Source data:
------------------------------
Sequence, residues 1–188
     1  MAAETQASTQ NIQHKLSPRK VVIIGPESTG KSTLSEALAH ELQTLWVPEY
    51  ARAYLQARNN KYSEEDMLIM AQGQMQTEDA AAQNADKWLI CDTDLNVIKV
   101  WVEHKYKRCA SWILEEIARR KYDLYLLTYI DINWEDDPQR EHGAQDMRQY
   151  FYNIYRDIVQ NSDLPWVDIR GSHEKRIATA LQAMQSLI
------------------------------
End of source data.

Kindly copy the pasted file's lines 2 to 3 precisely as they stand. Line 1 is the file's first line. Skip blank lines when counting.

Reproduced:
     1  MAAETQASTQ NIQHKLSPRK VVIIGPESTG KSTLSEALAH ELQTLWVPEY
    51  ARAYLQARNN KYSEEDMLIM AQGQMQTEDA AAQNADKWLI CDTDLNVIKV